Sunday, September 10, 2017
Psychoanalytic Muse editor Mark Winborn contributes a chapter Bion and Jung: Intersecting Vertices.Since the split between Freud and Jung, psychoanalysis and analytical psychology have largely developed in an atmosphere of mutual disregard. Only in recent years have both discourses shown signs of an increasing willingness to engage. Re-Encountering Jung: Analytical Psychology and Contemporary Psychoanalysis is the first edited collection of papers devoted to a reconciliation between these two fields. The contributors explore how Jungian thinking influences, challenges, and is challenged by recent developments in the psychoanalytic mainstream. In examining the nature of the split, figures from both sides of the conversation seek to establish lines of contrast and commonality so as to reflect an underlying belief in the value of reciprocal engagement.
Each of the chapters in this collection engages the relationship between Jungian and psychoanalytic thinking with the intention of showing how both lines of discourse might have something to gain from attending more to the voice of the other. While several of the contributing authors offer new perceptions on historical concerns, the main thrust of the collection is in exploring contemporary debates.
Re-Encountering Jung reflects a unique undertaking to address one of the longest-standing and most significant rifts in the history of depth psychology. It will be of great interest to all academics, students and practitioners within the fields of analytical psychology and psychoanalysis.
Thursday, August 31, 2017
MAJS faculty member Mark Winborn is presenting at the Centro Jung Study Center over three days, September 1st - 4th, Santo Domingo, Dominican Republic - "Deep Blues: Human Soundscapes for the Archetypal Journey", "Fundamentals of Technique in Analytic Therapy," and "Shared Realities: Participation Mystique and Beyond" as well as a group clinical supervision.
Thursday, August 24, 2017
Announcing the publication of "Moments of Meeting in Psychoanalysis: Interaction and Change in the Therapeutic Encounter" edited by Susan Lord and published by Routledge. Psychoanalytic Muse Editor Mark Winborn contributes a chapter titled "The Aesthetics of Being." The other contributors include a wide range of psychoanalysts, Jungian analysts, and psychoanalytic psychotherapists. Order at Amazon
There are moments of connection between analysts and patients during any therapeutic encounter upon which the therapy can turn. Moments of Meeting in Psychoanalysis explores how analysts and therapists can experience these moments of meeting; shows how this interaction can become an enlivening and creative process; and seeks to recognise how it can change both the analyst and patient in profound and fundamental ways.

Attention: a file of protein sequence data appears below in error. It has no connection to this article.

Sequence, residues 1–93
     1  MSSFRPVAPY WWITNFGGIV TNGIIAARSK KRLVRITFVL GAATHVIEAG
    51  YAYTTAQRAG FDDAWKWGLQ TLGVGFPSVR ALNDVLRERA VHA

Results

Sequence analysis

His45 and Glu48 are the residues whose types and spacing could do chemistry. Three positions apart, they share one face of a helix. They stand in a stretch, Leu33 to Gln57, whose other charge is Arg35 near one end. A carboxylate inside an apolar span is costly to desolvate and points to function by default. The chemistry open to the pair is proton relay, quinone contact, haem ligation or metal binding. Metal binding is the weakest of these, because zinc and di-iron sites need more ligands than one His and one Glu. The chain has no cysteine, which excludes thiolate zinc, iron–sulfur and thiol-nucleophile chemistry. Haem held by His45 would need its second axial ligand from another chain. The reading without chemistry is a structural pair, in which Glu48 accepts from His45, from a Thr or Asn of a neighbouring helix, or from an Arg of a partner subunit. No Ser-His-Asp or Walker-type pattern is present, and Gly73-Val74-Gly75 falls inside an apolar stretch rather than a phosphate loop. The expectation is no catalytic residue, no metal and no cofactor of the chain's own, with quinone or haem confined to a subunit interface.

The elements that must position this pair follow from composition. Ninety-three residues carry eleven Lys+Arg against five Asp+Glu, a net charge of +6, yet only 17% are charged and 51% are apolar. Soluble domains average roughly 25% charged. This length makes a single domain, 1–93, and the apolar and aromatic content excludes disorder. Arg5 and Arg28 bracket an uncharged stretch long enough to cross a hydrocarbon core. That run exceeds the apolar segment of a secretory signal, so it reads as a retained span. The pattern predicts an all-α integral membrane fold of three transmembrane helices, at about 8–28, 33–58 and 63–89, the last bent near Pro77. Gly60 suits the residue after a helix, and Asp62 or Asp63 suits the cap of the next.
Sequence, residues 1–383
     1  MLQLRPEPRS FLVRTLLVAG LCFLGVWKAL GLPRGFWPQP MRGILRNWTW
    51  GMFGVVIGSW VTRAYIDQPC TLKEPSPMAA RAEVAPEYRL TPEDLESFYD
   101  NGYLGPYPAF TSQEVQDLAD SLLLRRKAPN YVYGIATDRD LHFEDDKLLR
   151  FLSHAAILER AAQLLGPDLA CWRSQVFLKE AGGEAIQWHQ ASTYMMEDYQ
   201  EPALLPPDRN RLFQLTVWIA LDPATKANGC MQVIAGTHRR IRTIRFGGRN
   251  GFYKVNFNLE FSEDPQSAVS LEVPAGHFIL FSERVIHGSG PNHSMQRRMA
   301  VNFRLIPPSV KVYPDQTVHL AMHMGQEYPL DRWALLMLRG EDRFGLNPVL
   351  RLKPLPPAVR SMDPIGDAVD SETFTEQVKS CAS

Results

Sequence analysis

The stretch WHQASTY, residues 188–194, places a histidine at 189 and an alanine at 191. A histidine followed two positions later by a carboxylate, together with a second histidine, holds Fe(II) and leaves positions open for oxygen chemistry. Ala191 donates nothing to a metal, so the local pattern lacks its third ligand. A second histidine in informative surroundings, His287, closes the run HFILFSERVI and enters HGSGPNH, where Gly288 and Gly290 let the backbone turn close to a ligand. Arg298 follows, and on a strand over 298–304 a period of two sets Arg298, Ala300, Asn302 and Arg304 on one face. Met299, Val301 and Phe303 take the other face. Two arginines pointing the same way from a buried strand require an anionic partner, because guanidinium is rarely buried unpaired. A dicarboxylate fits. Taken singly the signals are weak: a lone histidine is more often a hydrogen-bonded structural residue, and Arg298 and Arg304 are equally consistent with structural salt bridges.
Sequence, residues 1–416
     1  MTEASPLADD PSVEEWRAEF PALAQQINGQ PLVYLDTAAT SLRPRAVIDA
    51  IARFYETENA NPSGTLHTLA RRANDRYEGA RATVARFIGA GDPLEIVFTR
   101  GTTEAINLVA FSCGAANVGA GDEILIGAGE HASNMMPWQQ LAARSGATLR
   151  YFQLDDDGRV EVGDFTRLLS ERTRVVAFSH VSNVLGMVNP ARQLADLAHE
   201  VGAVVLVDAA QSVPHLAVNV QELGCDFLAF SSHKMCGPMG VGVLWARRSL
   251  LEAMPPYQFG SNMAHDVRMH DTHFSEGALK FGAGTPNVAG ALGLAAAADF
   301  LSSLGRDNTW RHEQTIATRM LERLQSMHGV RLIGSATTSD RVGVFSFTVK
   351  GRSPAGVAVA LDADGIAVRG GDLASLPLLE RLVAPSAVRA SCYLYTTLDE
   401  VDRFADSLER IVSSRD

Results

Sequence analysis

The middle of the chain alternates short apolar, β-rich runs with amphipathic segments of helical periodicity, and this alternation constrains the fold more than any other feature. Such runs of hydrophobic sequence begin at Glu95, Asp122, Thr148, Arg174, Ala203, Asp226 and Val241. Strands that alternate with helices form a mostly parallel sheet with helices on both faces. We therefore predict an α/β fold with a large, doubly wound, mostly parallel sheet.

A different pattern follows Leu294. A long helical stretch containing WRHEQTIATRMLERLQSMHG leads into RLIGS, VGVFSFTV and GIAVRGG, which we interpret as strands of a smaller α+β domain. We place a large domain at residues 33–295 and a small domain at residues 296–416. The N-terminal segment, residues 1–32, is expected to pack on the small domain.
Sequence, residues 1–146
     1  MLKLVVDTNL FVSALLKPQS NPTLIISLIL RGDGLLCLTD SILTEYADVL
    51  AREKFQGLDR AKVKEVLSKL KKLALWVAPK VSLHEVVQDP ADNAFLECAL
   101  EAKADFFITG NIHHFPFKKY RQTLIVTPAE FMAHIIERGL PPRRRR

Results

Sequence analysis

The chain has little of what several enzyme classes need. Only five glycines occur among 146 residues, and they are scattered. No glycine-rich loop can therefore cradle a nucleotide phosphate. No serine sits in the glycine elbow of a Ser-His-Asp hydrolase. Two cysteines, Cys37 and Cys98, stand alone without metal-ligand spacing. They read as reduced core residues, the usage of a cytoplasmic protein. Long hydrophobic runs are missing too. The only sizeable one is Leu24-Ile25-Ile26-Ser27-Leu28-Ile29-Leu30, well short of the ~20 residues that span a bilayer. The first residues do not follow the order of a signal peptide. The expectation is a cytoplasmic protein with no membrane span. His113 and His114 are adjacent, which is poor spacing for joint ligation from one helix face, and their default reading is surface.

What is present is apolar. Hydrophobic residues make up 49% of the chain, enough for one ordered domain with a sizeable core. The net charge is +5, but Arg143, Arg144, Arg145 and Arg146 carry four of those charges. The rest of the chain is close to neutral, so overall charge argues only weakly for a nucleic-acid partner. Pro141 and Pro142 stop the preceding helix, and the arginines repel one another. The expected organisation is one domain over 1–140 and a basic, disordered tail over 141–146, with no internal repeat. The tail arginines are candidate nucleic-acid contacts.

The theory and practice of contemporary psychoanalysis and psychoanalytic psychotherapy has reached an exciting new moment of generous and generative interaction. As psychoanalysts become more intersubjective and relational in their work, it becomes increasingly critical that they develop approaches that have the capacity to harness and understand powerful moments of meeting, capable of propelling change through the therapeutic relationship. Often these are surprising human moments in which both client and clinician are moved and transformed. Moments of Meeting in Psychoanalysis offers a window into the ways in which some of today’s practitioners think about, encourage, and work with these moments of meeting in their practices. Each chapter of the book offers theoretical material, case examples, and a discussion of various therapists’ reflections on and experiences with these moments of meeting.
With contributions from relational psychoanalysts, psychotherapists and Jungian analysts, and covering essential topics such as shame, impasse, mindfulness, and group work, this book provides new theoretical thinking and practical clinical guidance on how best to work with moments of meeting in any relationally oriented therapeutic practice. Moments of Meeting in Psychoanalysis will be of great interest to psychoanalysts, psychoanalytic psychotherapists, psychologists, social workers, workers in other mental health fields, graduate students, and anyone interested in change processes.
Sunday, June 4, 2017
June 11, 2017: Moscow Association for Analytical Psychology, Moscow, Russia
Sept 1-3, 2017: Centro Jung, Santo Domingo, Dominican Republic
Sept 23-24, 2017: Memphis-Atlanta Jungian Seminar, Memphis, Tennessee
Oct 14-15, 2017: Minneapolis Jung Association, Minneapolis, Minnesota
Nov 3-5, 2017: Case Colloquia, Philadelphia Assoc. of Jungian Analysts, Philadelphia, Pennsylvania
Nov 17, 2017: American Board for Accreditation in Psychoanalysis, New York, New York